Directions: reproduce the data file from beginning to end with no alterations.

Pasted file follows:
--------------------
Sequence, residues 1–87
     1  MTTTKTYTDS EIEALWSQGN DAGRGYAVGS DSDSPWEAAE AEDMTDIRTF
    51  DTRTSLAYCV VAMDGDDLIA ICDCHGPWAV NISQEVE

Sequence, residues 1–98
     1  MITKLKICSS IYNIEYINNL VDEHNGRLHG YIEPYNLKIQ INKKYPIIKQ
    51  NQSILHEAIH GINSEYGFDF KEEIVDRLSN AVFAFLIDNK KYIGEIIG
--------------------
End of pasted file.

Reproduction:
Sequence, residues 1–87
     1  MTTTKTYTDS EIEALWSQGN DAGRGYAVGS DSDSPWEAAE AEDMTDIRTF
    51  DTRTSLAYCV VAMDGDDLIA ICDCHGPWAV NISQEVE

Sequence, residues 1–98
     1  MITKLKICSS IYNIEYINNL VDEHNGRLHG YIEPYNLKIQ INKKYPIIKQ
    51  NQSILHEAIH GINSEYGFDF KEEIVDRLSN AVFAFLIDNK KYIGEIIG